Mobile email with Linux email servers

Not every business runs Microsoft Exchange. Maybe the company isn’t based around a Microsoft infrastructure or Exchange is too expensive or they use something else for historical reasons. It is very common in this situation for the company’s email to be run on one of the various Linux distributions, either with a packaged email system, or a hand-rolled one. How do you get email to mobile devices in these circumstances?

As with Exchange and non-ActiveSync devices, IMAP is the best way of enabling access for mobile devices. An IMAP server that responds to the IDLE command correctly (keeping the connection to the device open, and sending notification of changes such as new mail as they happen) provides the same functionality as push email.

In order to maintain security of email, your chosen server must support session encryption. Many packed email servers, such as Communigate Pro, allow the addition of SSL certificates; some don’t though, so carefully check the feature lists of your potential solutions.

If you wish to hand-configure a basic Linux installation, there are a number of how-tos available depending on your choice of SMTP and IMAP or POP3 server. The solutions for Postfix (for SMTP) and Cyrus (for IMAP) are particularly clearly documented – these, in conjunction with OpenSSL for SSL certificate requesting and management, will enable you to set up as secure and as flexible a mobile email solution as an integrated, packaged system. The question then is whether the ease of management of a packaged system outweighs the extra cost.

Postfix TLS Support:

Configuring Cyrus IMAP:

Communigate Pro:

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Comments (1)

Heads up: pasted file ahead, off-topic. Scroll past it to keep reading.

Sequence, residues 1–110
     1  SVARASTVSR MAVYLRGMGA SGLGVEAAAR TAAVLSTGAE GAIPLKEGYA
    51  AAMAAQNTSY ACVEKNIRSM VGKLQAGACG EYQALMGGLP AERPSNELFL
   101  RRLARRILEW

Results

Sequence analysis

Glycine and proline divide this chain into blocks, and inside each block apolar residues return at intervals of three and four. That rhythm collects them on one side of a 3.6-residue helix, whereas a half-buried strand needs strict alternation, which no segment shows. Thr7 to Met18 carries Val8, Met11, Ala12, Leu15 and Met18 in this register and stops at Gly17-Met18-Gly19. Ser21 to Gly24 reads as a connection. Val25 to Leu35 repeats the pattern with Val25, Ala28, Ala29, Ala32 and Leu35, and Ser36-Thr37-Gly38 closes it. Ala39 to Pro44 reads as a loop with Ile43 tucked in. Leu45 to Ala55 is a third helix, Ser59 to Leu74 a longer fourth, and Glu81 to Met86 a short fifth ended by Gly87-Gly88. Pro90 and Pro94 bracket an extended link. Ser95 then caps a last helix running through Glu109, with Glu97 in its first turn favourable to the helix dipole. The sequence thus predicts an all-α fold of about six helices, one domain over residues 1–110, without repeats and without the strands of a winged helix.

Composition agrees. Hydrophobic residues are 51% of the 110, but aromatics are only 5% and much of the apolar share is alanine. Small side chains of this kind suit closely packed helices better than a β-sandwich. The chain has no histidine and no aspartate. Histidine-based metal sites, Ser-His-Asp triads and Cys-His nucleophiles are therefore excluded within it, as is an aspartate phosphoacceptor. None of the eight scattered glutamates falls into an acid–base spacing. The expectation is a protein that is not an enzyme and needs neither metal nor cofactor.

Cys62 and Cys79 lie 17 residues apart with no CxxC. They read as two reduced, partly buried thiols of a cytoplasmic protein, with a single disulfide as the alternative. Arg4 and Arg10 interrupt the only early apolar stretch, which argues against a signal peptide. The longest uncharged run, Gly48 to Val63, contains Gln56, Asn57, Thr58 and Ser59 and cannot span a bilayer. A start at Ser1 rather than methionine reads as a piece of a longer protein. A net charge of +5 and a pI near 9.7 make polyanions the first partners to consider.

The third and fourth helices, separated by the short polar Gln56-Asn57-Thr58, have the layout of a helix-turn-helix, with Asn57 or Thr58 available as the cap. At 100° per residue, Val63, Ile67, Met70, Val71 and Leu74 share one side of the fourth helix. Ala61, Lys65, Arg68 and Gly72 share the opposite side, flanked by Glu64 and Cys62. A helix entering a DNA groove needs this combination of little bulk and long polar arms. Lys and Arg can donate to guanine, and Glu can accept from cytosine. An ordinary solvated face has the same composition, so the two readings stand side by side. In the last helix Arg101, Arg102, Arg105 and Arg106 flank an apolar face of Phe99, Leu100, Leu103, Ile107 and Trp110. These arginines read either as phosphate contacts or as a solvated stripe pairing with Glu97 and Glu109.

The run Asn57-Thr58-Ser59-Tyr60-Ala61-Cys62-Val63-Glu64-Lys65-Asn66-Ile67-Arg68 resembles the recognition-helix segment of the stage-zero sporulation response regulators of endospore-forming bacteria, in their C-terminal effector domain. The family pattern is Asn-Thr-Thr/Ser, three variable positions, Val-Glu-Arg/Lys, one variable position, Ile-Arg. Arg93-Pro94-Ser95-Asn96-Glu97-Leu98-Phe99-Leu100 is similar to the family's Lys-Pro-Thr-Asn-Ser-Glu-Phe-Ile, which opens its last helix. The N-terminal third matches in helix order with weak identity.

Posted: May, 5 2009


But crazy thought? I dont think so..
As I tweeted, Oracle buys the Sun to break through the Cloud.
Looking forward to the IBM-SAP post.



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If you're supporting en users who need to transfer files by FTP occasionally, explaining how to use FTP every time can get frustrating. Map an FTP site as a custom network location and they can do it through the familiar Explorer window. If you only have a couple of machines you can choose Tools >Map Network Drive… in Explorer and click the link 'Connect to a Web site that you can use to store your documents and pictures' to open a wizard that creates a network location. Select 'Choose a custom network location', type in the FTP address and fill in the user name and password. You can also create mapped drives and network places on the Environment tab of the user's Active Directory object - but if you have a lot of users to set up, put it in the logon script for the user profile under Active Directory Users and Computers.
If you're running into problems with Group Policy Objects, check this handy summary of the rules at read more


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